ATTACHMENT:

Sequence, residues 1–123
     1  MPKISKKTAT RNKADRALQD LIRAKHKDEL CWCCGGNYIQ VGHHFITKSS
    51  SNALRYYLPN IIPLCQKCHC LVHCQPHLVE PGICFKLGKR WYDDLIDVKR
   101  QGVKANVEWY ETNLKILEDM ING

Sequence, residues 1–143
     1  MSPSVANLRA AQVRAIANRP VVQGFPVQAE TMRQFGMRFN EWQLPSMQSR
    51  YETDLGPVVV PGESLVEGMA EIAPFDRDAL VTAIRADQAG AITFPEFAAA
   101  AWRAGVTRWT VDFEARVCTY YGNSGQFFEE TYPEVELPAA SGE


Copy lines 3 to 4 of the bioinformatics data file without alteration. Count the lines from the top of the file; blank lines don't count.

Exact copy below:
    51  SNALRYYLPN IIPLCQKCHC LVHCQPHLVE PGICFKLGKR WYDDLIDVKR
   101  QGVKANVEWY ETNLKILEDM ING